At around six inches in length, and shaped similar to an elongated pear, the pancreas lies horizontally between the stomach and the spine. The organ's internal or endocrine cells produce the hormones glucagon and insulin, which help regulate blood sugar levels. External or exocrine cells of the pancreas produce a thick liquid commonly referred to as pancreatic juices that pass into the large intestine and help break down foods during the digestive process.
According to statistics, 95% of pancreatic cancer originates in the exocrine cells. The type of treatment provided and the outcome of the condition largely depend on the overall health of the patient, the stage of the cancer when diagnosed, and whether the disease process is initially diagnosed or a recurring process.
Surgical procedures serve to remove the cancer or improve the quality of life for the patient in the event that the cancer has spread. The type of surgery performed for cancer removal depends on the size and location of the tumor. When the cancer affects one end of the organ, or the entire organ, surgeons remove that portion of the pancreas plus portions of the adjoining organs, which may include the stomach, small intestine, bile duct, gallbladder, spleen and local lymph nodes. If the cancer spreads or metastasizes throughout the pancreas and into nearby organs, surgical options might only serve to reverse blockages in the bile duct, the stomach, or the small intestine.
The type of radiation prescribed also depends on the stage and type of cancer. Radiation therapy generally involves administering X-rays or other types of radiation in attempts at killing the cancer cells or to inhibit cell growth. External radiation treatments originate from outside the body and target the specific areas from the outside in. Internal radiation involves inserting catheters, needles, seeds, or wire containing radioactive materials that are positioned in or near the cancer.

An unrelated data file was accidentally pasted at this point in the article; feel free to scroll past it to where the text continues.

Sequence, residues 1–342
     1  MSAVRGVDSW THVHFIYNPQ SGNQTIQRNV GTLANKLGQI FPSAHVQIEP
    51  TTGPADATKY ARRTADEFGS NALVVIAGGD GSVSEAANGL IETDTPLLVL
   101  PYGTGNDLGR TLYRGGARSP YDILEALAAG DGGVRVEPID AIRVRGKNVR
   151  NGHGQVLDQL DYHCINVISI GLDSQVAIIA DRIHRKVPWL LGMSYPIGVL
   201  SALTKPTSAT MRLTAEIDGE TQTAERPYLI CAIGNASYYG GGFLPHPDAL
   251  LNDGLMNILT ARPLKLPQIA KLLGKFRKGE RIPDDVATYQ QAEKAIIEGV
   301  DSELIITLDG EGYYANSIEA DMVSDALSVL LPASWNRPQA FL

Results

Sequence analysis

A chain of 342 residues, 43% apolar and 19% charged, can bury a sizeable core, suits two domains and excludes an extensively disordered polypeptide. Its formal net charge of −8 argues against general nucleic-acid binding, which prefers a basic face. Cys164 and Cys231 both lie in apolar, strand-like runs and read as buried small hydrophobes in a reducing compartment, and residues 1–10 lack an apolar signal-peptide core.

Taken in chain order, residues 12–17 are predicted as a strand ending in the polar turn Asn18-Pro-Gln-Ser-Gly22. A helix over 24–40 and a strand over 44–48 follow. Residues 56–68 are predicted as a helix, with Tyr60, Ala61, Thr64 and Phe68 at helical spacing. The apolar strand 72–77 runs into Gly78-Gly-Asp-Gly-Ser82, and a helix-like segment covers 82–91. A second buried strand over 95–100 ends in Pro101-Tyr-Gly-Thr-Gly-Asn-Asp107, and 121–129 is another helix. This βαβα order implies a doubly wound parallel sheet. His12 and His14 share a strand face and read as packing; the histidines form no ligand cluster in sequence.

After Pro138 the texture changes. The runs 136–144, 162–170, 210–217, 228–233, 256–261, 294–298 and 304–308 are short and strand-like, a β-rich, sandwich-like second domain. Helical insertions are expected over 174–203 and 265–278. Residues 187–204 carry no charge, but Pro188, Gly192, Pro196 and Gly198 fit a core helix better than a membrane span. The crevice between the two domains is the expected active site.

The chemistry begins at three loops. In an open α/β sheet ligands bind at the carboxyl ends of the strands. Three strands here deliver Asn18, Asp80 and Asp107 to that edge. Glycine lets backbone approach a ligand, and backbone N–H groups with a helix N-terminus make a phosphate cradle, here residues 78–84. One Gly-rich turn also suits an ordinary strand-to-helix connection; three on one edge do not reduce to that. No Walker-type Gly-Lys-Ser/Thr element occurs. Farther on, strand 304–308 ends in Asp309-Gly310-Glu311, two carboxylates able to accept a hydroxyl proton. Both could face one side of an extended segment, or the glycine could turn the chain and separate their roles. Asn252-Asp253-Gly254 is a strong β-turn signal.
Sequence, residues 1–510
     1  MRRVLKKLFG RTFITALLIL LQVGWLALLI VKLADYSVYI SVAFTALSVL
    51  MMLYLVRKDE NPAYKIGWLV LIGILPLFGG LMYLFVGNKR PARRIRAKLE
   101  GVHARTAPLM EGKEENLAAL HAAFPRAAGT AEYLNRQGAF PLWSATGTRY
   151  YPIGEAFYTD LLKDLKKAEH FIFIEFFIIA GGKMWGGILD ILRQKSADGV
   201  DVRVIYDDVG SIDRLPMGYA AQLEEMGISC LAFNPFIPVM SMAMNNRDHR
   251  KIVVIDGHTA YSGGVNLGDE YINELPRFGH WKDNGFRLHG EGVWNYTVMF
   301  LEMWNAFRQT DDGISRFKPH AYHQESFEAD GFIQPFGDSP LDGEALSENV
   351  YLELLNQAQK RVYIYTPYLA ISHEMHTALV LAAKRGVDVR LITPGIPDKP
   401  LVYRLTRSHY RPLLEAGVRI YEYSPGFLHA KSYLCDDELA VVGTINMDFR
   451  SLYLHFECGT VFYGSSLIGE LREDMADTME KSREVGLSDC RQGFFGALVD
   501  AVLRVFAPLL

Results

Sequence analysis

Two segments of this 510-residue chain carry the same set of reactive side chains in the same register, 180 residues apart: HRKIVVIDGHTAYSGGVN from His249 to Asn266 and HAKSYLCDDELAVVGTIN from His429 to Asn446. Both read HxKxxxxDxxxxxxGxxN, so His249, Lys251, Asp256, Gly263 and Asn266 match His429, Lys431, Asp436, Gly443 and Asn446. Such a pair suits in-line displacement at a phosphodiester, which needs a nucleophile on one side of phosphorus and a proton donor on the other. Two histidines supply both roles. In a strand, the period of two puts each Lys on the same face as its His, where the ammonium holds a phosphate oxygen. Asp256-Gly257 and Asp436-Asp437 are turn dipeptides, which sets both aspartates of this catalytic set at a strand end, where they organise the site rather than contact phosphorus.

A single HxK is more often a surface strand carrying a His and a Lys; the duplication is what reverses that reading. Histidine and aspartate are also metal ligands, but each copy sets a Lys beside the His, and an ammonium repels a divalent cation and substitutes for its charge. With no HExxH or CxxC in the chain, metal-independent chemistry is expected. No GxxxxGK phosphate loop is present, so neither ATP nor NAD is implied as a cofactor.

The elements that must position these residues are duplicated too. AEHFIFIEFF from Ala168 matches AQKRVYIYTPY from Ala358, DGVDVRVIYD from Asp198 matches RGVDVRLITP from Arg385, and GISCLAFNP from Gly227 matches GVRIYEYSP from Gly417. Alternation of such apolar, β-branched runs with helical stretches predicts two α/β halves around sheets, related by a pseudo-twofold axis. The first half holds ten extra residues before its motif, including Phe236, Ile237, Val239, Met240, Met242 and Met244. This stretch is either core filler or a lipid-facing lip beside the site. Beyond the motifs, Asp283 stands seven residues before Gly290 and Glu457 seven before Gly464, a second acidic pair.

Chemotherapy involves using one or more medications designed to inhibit growth, prevent cellular reproduction, and to kill existing malignant cells. The type of medication and the preferred route of administration depend on the stage and type of cancer. Systemic treatment involves taking a medication orally or injecting the preparation into a muscle or vein. Regional chemotherapy narrows the treatment area by administering the medication directly into the pancreas or into the abdominal cavity.
This method of treatment combines chemotherapy and radiation treatments in an effort to enhance the effectiveness of both therapies.
This type of treatment involves using specially designed medications that identify and attack only the abnormal cancer cells while ignoring normal tissue cells. The medications kill the cancer by interfering with normal cell function or by inhibiting cell growth and reproduction.
Additional Forms of Treatment
As the cancer grows and spreads, the abnormal cells put pressure on nerves or other organs, which causes pain or interferes with normal body functions. Physicians may prescribe pain medications or perform various types of procedures to alleviate the pressure or aid in the digestive process to ensure that the patient continues receiving the proper nutrition. Through continued research, scientists are discovering new options for medications and treatments that may benefit pancreatic cancer patients.